For many, it seems, the camel’s back can very nearly be broken by a surprise Google update. Just over a quarter of respondents said they’d considered leaving the SEO industry because of algorithm updates but ultimately decided to stick around.
It’s worth taking a step back next time an update hits. Take a look around your agency — are your SEO staff or colleagues ready to break? It takes strong leadership and a solid bedrock of skills for an SEO agency to bounce back from a big update, so make sure your best SEOs are made of the right stuff to prepare them for the worst — and, as we’ll see now, it gets bad.
How to lose clients and alienate Google
Nearly a third of respondents who said that Google updates had had an effect on business actually lost clients as a result.
But it’s not all bad news. Twenty-six percent won clients, 23 percent saw the opportunity to grow their work with existing clients, and 29 percent of respondents noticed no change after the update. So there’s quite a lot of positivity to be found here, especially considering respondents were able to choose multiple answers (which could mean that respondents both won and lost clients because of Google updates).
What this ultimately means is that what happens after a Google update is up to you. You can’t point at the above chart and say, “Well, everyone loses clients after a Google update,” because they don’t. The range of responses shows just how much is at stake when an update hits, but it also shows the huge opportunities available to those agencies that communicate with their existing clients quickly and knowledgeably, carefully managing expectations along the way, while also keeping their eye out for businesses who have taken a beating in rankings/traffic and are looking for help.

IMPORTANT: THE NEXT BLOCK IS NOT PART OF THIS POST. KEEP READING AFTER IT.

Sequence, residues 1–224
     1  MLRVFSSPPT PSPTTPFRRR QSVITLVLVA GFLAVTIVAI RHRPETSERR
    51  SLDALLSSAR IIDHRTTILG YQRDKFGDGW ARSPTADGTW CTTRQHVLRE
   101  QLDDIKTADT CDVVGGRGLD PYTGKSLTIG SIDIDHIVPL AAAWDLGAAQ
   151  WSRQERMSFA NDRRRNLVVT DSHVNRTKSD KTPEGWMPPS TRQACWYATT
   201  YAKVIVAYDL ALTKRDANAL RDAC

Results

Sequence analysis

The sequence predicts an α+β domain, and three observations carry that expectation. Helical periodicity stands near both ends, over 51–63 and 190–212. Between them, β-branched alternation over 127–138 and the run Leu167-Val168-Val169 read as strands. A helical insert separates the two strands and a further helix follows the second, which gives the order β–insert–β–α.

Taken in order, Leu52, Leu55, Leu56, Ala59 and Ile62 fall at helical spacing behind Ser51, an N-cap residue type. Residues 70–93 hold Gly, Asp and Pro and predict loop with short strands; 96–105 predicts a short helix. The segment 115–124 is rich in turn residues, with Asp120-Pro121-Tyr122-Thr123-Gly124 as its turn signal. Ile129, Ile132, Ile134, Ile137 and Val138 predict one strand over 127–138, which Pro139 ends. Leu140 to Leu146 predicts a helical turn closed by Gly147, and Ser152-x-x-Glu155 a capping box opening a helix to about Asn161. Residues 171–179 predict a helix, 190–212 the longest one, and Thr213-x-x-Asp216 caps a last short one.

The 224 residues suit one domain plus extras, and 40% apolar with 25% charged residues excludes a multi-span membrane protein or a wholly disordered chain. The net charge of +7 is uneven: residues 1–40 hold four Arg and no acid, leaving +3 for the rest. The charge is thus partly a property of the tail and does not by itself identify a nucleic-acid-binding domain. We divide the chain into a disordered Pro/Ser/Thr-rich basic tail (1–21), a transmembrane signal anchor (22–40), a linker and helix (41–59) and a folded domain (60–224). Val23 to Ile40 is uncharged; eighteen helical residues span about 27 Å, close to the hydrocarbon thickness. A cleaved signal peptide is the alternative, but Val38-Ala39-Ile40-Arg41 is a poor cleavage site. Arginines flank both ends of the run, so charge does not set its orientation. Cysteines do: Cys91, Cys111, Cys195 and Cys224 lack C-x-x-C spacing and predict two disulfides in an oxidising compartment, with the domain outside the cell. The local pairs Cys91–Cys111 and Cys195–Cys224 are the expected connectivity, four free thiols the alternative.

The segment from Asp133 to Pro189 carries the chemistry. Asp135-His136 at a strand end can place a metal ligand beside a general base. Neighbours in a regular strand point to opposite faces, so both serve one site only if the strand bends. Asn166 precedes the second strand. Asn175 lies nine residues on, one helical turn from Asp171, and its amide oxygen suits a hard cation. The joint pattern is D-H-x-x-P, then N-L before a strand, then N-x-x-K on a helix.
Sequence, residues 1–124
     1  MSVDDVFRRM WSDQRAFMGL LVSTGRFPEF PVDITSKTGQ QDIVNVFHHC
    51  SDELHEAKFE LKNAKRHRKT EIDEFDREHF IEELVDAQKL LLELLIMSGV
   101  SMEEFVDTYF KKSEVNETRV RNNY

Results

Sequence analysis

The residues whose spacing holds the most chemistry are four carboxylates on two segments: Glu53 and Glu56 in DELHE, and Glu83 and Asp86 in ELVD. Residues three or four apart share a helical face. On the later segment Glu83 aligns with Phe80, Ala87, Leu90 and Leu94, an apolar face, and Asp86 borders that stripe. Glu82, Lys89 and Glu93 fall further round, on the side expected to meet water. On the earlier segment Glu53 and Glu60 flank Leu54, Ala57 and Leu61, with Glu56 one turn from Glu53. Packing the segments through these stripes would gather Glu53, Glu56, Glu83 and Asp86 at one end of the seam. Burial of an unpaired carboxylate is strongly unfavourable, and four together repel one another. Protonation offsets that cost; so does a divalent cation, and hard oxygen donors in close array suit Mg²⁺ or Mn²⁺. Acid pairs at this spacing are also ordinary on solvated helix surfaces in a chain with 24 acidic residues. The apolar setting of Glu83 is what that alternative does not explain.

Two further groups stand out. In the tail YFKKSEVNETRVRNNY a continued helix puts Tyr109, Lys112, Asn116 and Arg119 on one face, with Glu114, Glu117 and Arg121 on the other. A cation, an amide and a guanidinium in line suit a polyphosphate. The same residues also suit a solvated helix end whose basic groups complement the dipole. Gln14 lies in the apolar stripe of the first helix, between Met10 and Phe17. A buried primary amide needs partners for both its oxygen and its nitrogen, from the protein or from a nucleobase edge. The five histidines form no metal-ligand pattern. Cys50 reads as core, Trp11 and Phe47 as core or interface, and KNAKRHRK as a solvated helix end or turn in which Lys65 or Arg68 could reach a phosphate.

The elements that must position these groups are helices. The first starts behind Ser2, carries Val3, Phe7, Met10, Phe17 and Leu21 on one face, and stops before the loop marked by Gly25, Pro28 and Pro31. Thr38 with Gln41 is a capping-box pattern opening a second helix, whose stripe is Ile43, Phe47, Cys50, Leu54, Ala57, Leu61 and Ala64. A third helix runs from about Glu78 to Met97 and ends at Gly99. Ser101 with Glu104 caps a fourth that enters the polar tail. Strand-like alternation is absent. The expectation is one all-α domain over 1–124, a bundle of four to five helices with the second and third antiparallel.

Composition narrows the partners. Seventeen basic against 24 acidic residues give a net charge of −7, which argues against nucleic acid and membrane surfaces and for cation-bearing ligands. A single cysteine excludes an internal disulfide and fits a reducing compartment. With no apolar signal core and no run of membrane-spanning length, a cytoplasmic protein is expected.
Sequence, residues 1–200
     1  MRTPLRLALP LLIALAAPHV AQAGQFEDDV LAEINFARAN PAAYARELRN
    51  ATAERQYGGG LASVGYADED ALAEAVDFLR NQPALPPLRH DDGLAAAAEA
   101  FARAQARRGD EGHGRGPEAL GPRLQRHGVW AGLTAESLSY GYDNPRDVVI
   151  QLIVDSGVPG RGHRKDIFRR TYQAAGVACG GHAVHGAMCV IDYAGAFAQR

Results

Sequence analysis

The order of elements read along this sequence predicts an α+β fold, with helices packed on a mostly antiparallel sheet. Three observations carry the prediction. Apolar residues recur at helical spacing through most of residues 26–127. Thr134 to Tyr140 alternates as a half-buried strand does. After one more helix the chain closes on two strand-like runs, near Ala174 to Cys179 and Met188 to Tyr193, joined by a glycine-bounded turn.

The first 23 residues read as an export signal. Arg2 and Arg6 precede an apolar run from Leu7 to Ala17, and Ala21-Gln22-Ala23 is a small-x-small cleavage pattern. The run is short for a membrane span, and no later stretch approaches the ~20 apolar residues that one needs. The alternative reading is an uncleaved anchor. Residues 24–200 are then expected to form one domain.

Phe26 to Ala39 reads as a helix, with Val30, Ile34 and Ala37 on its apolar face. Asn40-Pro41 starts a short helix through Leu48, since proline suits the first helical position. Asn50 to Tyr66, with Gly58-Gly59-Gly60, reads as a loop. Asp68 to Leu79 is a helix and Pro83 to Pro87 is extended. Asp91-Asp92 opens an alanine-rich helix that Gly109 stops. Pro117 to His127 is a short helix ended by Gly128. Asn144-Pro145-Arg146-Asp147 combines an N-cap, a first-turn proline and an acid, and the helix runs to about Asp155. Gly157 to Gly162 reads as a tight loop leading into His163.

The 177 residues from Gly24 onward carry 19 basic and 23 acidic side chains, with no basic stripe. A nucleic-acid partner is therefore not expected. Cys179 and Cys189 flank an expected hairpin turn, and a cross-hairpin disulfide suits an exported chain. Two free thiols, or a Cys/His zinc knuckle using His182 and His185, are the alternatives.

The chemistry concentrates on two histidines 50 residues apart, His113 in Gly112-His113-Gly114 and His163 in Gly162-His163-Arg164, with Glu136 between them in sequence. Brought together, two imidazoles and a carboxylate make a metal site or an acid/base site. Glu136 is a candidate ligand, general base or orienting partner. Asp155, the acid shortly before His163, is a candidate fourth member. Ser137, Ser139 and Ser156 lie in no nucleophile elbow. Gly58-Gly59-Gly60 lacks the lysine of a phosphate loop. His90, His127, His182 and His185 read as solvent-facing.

The client-agency relationship
One final point the survey touched on was the client-agency relationship and how it can be affected by Google updates. A majority agreed that updates make clients more dependent on agencies. (Who knew it? It turns out that every time Google released an algorithm update, they were doing SEOs a favor all along!)
However, with that extra dependency comes extra scrutiny, as seen by the 31 percent of respondents who feel that Google updates lead to clients distrusting agencies. The wisest SEOs in this particular situation are the ones going into client update meetings with clear, transparent overviews of what the client’s money or their time is being spent on, and simplified (but not necessarily simple) explanations of the ramifications of the Google update.